Though this passage is designed to serve as a way to guide viewers’ interpretations, it also speaks volumes about the amount of meaning that pours forth from his bloody subject matter. For Baxter, the florid liquid that flows through our veins is more than just a vehicle for transporting hemoglobin and a means for clotting our wounds; in his mind’s eye, it signifies the fundamental properties of the human spirit.
Due to a medical disorder, Baxter has spent an extensive amount of time considering what blood represents to him. “I’ve had my share of exposure to it through routine bloodletting procedures I must undergo for a condition of iron overloading in my blood called Hemochromatosis. Over the years I’ve compiled quite a nice collection of reference material from these sessions, which of course set the creative gears in motion over what to make with it, and eventually the idea of the Blood Rituals series was sparked.” Because of the frequency with which he has had his blood drawn, Baxter has developed a close friendship with his phlebotomist. Her arm is even in the exhibit’s centerpiece, and it’s the only living human figure to make an appearance in the paintings.
Though the way he captures the vividness of blood can make even the thickest-skinned viewer feel squeamish (if not downright queasy), the viscous substance serves a more profound purpose in his paintings. “One of my primary goals, or hopes, with this series was to use blood imagery and symbolism in a way that doesn’t evoke the shock value of gore or the campiness of the horror genre, so I wanted to surround it with unlikely juxtapositions and temper its visual power with an understated classical sensibility.”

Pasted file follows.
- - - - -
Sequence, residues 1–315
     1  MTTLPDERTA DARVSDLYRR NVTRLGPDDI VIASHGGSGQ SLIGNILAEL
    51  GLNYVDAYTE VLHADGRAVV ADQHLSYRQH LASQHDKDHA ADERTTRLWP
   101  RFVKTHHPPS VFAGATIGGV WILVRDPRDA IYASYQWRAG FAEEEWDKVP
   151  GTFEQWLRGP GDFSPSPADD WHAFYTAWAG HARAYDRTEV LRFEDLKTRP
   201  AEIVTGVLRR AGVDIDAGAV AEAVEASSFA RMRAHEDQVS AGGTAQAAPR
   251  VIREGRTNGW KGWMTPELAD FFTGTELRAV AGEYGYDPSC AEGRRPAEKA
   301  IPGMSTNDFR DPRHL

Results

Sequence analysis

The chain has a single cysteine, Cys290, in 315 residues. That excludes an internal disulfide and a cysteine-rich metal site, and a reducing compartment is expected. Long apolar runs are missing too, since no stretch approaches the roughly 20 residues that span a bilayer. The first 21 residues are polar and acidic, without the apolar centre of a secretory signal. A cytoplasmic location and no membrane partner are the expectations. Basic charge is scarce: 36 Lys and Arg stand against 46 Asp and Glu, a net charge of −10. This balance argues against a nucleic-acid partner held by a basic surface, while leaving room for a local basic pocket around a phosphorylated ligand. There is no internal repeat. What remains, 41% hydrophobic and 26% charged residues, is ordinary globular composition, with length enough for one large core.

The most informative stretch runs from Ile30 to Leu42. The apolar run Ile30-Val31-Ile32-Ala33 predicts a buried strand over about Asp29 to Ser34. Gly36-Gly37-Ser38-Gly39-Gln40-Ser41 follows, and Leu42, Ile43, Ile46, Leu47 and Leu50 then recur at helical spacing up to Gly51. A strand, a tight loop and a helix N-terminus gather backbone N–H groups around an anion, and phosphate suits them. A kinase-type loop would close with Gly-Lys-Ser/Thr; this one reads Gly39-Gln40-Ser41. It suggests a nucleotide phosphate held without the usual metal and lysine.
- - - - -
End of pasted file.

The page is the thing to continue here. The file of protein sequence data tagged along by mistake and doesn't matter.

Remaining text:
As morbid as it may sound, Baxter claims to have enjoyed using his blood to create this pulse-quickening exhibition. “I had a lot of fun with it. Blood is just fun to paint, because it’s a living liquid that does so many things. Of course, it’s visceral and shiny and incredibly vibrant in color, but it also separates, clots, coagulates, dries and cracks, forms bubbles, changes color. It presents so many great artistic possibilities, to say nothing of its powerful symbolic potential.” Baxter’s intimate knowledge of this “living liquid” is evident in the way he describes it. It’s almost as if he’s talking about paint and not something sapped from his own body.
“My use of blood-related subject matter has several layers of symbolism, from personal struggle and loss to the brutality inherent in all human civilizations, ancient and modern,” Baxter said. “I hope these images cut through any immediate reactions of fright or repulsion to access the vulnerable state of emotional freshness or tenderness that lies at the core of all our psyches.” Because blood has such emotional significance to him, it has enabled him to authentically transfuse powerful and universal themes of sacrifice and loss into the paintings.